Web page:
The proposal by Michael Arad and Peter Walker, entitled Reflected Absence, is essentially an underground memorial. Accessible via a ramp on the side of the site, the memorial is a large empty space, in which the only light sources derive from the large gaping squares that designate the sites of the two towers. The main elements, which equally appear as two austere canyons without vertical continuity, indicate only a subtraction from the sacred squares, for there is literally no matter which replaces what used to stand in those sites. Certainly, there is a lot of material added along the perimeter of the two squares, yet because there is nothing physical in the sites themselves, the removal of the elements as they existed in their sites deny their general yet significant function of “letting-be.” As Heidegger writes, “Because all modes of human behavior are, each in its own way, overt and always relate to that which they must, it follows that the restraint of “letting things be,” i.e. freedom, must necessarily have given man an inner directive to approximate his ideas to what-is at any moment…”3 In other words, Arad and Walker’s proposal, by neither adding nor letting-be, they did not follow any “inner directive” to create something specific to the site, since their proposal was to leave as little material effacement on the specific sites as possible.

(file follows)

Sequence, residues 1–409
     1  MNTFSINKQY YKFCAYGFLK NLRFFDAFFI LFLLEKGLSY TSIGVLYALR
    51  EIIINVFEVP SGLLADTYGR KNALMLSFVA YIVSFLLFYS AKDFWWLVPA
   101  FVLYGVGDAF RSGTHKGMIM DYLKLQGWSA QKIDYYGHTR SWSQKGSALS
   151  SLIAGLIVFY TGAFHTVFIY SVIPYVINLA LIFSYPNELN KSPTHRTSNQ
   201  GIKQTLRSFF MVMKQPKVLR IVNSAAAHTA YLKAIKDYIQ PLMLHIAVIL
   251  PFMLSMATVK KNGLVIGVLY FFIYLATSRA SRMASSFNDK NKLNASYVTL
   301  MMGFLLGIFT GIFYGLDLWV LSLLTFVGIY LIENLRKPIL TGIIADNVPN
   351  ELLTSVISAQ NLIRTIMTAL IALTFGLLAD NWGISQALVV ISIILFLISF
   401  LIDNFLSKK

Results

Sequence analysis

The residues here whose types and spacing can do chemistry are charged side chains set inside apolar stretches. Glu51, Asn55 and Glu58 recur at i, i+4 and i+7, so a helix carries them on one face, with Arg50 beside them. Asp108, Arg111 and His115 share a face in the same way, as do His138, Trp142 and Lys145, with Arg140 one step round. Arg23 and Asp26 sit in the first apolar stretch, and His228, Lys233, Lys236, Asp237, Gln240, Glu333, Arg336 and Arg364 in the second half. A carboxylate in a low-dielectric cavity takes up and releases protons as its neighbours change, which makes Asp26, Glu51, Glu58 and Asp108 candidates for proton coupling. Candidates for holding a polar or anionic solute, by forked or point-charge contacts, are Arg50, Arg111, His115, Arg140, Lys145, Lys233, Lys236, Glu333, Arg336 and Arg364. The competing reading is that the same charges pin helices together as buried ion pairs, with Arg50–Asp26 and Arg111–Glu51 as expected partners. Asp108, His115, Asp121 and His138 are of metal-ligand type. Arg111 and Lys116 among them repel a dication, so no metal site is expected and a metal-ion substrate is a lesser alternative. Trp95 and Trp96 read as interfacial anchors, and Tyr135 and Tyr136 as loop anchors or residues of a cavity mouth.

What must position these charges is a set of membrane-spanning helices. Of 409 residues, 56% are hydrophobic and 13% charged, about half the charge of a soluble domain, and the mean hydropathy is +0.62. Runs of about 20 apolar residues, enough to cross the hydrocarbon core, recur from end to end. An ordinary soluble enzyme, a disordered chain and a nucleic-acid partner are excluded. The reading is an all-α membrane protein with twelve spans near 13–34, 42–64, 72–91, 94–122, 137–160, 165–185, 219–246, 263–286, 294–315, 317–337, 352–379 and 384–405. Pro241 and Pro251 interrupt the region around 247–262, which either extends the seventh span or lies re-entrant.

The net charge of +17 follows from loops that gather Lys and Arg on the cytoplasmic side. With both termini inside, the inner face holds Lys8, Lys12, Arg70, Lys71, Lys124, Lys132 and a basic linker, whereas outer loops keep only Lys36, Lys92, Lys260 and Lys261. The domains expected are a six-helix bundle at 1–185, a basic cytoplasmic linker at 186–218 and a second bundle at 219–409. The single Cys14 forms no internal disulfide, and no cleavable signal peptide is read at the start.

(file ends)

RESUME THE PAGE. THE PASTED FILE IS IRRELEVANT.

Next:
The proposal by United Architects similarly treats the sites of the WTC towers subtractively. The building that constitutes the design strategy keeps a safe distance from the two squares, as the squares themselves are leveled and painted stark white. No doubt, there would be a daily maintenance crew surveying and cleaning these white squares, leaving as much history behind as possible. Interestingly, while the treatment of the sites appears respectful to those sites’ history, the white squares are essentially flat buildings, representing themselves just as much as a new building totally ignoring the sites’ history would. In other words, to reference Heidegger, this proposal appears to activate the “letting-be” of the site, yet falls short in its own self-referential non-history. Just like Arad and Walker’s proposal, United Architects attempt to erase all information from the sacred squares, and while the former proposal suggests creating an implied void, the latter proposes a perceptual void.